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Oliver Chadwyck-Healey

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Oliver Chadwyck-Healey (c1887-1960) of Morgan Brothers (Publishers) and The Engineer

1960 Obituary [1]

We regret to have to record the death last Wednesday, February 24, of Mr. Oliver Chadwyck-Healey, who was chairman of Morgan Brothers (Publishers), Ltd., proprietors of this journal, from 1948 to 1956. He was seventy-three years old.

It is quite easy to write a factual obituary and we suppose that the facts about a man's life do give some impression of his character. For, in a rough kind of way, there is a correlation between the job a man does and what he is. But the correlation is often very rough and the events of Mr. Oliver's life give little clue to his real personality.

He was educated at Eton and Trinity College, Oxford, read Law and was called to the Bar but never practised. He first joined the staff of THE ENGINEER in 1910. In January, 1914, he became a director. After service during the war in the Royal Berkshire Regiment, he came back to THE ENGINEER and was appointed managing director in 1922.

On the amalgamation of The Engineer, Ltd., with Morgan Brothers (Publishers), Ltd., he was appointed joint managing director, taking up that position on May 1, 1929. In December, 1942, he became sole managing director, a position which he held until September, 1945. At that time he became deputy chairman of the company and on the retirement of his half-brother, Sir Gerald, in 1948, he was elected chairman. He retired from that office in March, 1956, but remained a director right up to the time of his death.

Mr. Oliver never set out to make himself well known to the staff and consequently he never attained much popularity in this office. But he liked to know, and indeed insisted on knowing, what was going on. To the editors of the firm's journals his most striking quality was a clarity and independence of mind. It was always worth taking a problem to him, even a technical one, because so often he could throw light upon a means of thinking it out. This same independence of mind was brought to bear in the discussion of any subject, for example, of policy, which was before him. He had, too, an almost inhuman detachment. All editors at times receive letters of the kind which begin: "Dear Sir, - We are shocked and surprised that a journal of your standing ...... ," and conclude by asking nastily what it is proposed to do about it. There must be few editors who have not got hot under the collar upon reading such a letter and who have not desired to dash off an impetuous and rasping reply. Not so Mr. Oliver when shown such a letter! No doubt his legal training came to his aid. His temper was completely under control. "Is he right?" he would ask; and "What did we print?" The rudeness and the fury of the correspondent's language would be wholly disregarded. Any action taken must, he insisted, be based upon the real facts and however distasteful it might be to an editor suffering from a sense of cruel insult, a courteously-framed letter must go back.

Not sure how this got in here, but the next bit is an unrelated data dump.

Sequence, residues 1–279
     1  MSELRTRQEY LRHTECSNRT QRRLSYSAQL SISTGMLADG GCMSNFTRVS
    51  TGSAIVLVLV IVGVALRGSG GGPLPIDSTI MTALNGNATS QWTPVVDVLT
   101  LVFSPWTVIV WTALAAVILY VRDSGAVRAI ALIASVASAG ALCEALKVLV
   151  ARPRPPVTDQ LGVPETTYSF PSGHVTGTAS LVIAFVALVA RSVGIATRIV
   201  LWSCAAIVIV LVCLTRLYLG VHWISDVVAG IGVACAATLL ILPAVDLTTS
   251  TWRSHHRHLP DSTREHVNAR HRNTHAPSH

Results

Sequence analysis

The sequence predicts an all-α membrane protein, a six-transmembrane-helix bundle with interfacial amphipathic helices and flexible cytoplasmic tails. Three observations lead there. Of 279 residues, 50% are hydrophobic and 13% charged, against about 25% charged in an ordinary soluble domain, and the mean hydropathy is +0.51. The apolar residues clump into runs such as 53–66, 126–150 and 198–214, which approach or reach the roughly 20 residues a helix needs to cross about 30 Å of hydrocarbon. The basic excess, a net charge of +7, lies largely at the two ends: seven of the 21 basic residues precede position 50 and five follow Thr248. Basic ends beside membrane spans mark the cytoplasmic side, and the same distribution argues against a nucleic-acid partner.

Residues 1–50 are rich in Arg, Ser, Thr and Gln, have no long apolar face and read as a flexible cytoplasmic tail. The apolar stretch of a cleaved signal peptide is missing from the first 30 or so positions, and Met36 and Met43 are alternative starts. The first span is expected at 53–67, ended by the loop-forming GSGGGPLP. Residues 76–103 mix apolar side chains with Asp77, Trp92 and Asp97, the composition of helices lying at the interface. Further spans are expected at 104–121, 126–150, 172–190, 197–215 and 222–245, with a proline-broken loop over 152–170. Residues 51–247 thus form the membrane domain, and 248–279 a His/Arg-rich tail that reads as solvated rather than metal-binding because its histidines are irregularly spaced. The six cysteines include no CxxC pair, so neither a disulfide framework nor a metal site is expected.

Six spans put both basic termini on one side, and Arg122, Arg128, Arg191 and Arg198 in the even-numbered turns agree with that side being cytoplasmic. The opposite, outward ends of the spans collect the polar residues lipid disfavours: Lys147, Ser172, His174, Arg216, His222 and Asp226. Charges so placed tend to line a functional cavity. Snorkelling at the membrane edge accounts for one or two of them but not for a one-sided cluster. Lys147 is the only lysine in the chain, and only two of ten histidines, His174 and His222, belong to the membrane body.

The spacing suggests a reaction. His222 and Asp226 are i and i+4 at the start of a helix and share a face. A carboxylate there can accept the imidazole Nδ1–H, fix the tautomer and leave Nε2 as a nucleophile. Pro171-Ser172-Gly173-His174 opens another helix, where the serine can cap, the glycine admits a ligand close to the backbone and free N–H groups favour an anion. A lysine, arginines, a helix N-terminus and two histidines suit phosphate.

To younger men this detachment was not a little frightening. Mr. Oliver seemed to be too unemotional to be quite human. But closer contact with him revealed some inward human frailties; and an attractive, self-mocking humour. Besides, on occasion in what appeared to be a cold and unemotional judgment, he would remark that be didn't think one could really ask someone to behave in some particular way, a conclusion which could in reality have only been reached on emotional grounds! Upon still closer acquaintance, his vivacity was revealed.

Then would come the discovery that he had joined the Board of Management of the Hospital for Sick Children in 1925 and that he bad been very active ever since in the management of London hospitals, having at one time as a particular concern the organisation of the Emergency Bed Service. In fact, the better one knew Mr. Oliver, the greater the affection and the esteem one had for him.

Mr. Oliver always kept a sharp look-out on the journals published by the firm and an especially sharp one on THE ENGINEER. He was very quick to spot errors of any kind and particularly those which can so easily be made in quotation. Once, unaccountably we translated "Timeo Danaos" as "I fear the Danes." Mr. Oliver wrote to say that for his part he had always understood it to be the Greeks but that, of course, he stood to be corrected by the editor! To the very end he kept up this scrutiny. It is the small things in life and death, not the larger ones that prove the more poignant. The thought that we shall never again receive deserved but kindly criticism from that quarter brings sharply home to us the fullness of our loss.

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